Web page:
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Government defends King's speech crackdown on crime as long-planned, not electioneering
7 November 2023, 08:48
Justice Secretary denies King's Speech measures are rolled out to secure votes at General Election
Justice Secretary Alex Chalk rejected the suggestion that the measures in the King's Speech were focused on a general election, expected next year.
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The conversation comes as Prime Minister Rishi Sunak makes law and order a central pillar of today's speech, including already-announced proposals for killers convicted of the most horrific murders to expect whole life orders.
Speaking to LBC's Nick Ferrari at Breakfast, Mr Chalk said: "I would respectfully disagree. You're right, there is a general election in the air, that's correct.
"A lot of the things that we are doing are things that we have been thinking about for some time. So I myself personally, when I wasn't in government last year, I was speaking at the Conservative Party conference, and a lot of what we're going to do, they're the very measures that I was talking about then.
"These are things that people like me and others have been thinking about, have been working out, have been doing the intellectual groundwork on and we're now going to bring them into force."
The Government's Criminal Justice Bill to be announced in the King's Speech will see "laws keep pace with criminals", according to Home Secretary Suella Braverman.
Rapists and other serious sexual offenders will also not be let out early from prison sentences while other measures include giving police the power to enter a property without a warrant to seize stolen goods when they have reasonable proof that a specific stolen item is inside.
Writing in the Daily Mail, Ms Braverman said the measures will "accelerate the fight against crime" and show the Government "stands foursquare with the law-abiding majority".
She said: "As criminals adapt and evolve, so must we, ensuring that our laws keep pace with these criminals and their use of technology.
"It (the Bill) will improve public safety and public confidence by giving the police the powers they need to crack down on criminals and ensuring that those who pose the biggest threat are imprisoned for longer.
"The Bill creates new powers for the police to enter properties to search for and seize stolen goods - cutting red tape and empowering officers to tackle those prolific thieves who prey upon us all."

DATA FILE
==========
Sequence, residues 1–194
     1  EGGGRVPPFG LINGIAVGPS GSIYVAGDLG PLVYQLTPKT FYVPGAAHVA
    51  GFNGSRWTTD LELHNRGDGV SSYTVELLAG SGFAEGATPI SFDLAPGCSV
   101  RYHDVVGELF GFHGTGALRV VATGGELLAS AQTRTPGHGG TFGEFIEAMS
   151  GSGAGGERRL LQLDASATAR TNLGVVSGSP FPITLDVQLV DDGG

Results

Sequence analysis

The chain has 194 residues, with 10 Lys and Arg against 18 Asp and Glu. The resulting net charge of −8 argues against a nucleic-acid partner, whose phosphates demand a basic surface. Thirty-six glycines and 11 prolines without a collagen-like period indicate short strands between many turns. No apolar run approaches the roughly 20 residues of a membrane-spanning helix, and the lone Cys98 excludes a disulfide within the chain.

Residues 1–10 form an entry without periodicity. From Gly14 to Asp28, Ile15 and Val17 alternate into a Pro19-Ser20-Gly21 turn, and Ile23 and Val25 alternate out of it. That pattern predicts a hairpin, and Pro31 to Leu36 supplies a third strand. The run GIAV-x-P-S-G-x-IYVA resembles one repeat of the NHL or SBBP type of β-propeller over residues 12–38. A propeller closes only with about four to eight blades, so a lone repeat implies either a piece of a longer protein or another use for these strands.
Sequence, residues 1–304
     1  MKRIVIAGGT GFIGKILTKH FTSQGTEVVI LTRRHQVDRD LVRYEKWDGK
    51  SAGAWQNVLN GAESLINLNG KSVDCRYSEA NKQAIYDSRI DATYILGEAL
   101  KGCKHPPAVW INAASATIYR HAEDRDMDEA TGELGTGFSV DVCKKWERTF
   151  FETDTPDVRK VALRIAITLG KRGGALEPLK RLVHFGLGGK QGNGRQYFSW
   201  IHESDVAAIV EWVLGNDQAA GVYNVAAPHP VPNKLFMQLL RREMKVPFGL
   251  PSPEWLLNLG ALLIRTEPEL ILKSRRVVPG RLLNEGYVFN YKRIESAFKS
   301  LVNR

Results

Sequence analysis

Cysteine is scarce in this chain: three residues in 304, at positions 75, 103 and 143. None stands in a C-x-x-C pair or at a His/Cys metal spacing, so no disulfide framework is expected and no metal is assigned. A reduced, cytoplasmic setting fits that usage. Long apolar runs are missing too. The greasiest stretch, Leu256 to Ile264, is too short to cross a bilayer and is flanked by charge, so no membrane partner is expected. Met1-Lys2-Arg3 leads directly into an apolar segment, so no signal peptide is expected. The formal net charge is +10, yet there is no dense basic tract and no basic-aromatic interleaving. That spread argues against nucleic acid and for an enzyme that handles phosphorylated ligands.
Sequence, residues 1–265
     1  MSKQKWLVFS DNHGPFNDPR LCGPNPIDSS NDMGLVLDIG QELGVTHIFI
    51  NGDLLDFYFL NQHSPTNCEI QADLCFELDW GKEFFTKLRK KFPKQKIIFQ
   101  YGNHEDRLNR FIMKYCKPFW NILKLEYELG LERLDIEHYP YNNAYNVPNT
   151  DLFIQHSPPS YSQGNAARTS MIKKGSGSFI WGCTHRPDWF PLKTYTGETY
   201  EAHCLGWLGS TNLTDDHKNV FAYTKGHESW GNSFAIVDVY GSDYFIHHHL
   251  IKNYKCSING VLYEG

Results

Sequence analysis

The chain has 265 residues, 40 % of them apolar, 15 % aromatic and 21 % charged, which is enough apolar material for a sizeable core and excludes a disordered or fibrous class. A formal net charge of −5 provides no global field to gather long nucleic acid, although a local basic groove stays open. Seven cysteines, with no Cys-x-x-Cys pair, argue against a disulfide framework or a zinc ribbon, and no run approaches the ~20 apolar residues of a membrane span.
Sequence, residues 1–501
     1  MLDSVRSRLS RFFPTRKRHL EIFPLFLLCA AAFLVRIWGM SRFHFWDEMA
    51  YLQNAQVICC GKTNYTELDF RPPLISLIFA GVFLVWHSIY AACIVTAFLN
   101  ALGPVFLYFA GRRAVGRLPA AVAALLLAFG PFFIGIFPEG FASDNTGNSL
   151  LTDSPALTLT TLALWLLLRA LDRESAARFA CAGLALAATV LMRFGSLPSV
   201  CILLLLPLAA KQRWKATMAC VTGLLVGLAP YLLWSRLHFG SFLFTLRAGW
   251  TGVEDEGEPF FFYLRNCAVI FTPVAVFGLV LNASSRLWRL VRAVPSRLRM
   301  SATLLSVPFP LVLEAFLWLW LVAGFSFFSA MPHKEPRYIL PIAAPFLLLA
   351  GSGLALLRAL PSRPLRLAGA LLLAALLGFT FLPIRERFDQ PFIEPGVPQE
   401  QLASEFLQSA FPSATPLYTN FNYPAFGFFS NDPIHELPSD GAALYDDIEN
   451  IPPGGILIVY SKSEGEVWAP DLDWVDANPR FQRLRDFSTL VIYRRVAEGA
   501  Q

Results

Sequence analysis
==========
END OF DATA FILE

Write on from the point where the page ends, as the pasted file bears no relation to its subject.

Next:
Later the King will open Parliament for the first time as monarch with a return to the full pomp and ceremony of the occasion, as the Queen re-wears her coronation dress.
Charles will don the Imperial State Crown, his lengthy crimson Robe of State and Admiral of the Fleet Royal Naval dress uniform, having travelled in a carriage procession from Buckingham Palace to the House of Lords in the Diamond State Coach amid great royal fanfare.
Camilla, wearing the famous George IV State Diadem for the first time, has chosen to re-use her coronation gown, designed by Bruce Oldfield, for her first State Opening as a Queen consort.
In recent years, the late Queen Elizabeth II mostly opted for a dressed down state opening - a functional coat, day dress and hat rather than the weighty crown and robes, often with a lower key arrival by car.
The changes were adopted due to her decreasing mobility as she neared 100, coupled with the pandemic, back-to-back State Openings due to a general election in 2019, and a diary clash with Ascot in 2017.
It has been seven years since a monarch wore the Imperial State Crown at a State Opening, the last time being in 2016.
Containing 2,868 diamonds, 17 sapphires, 11 emeralds, five rubies and 269 pearls, it weighs more than a kilogramme.
Charles wore the crown on his return journey to Buckingham Palace after his coronation.
Some 1,400 members of the armed forces will play a part in the proceedings in the first full military ceremony for a State Opening since before Covid.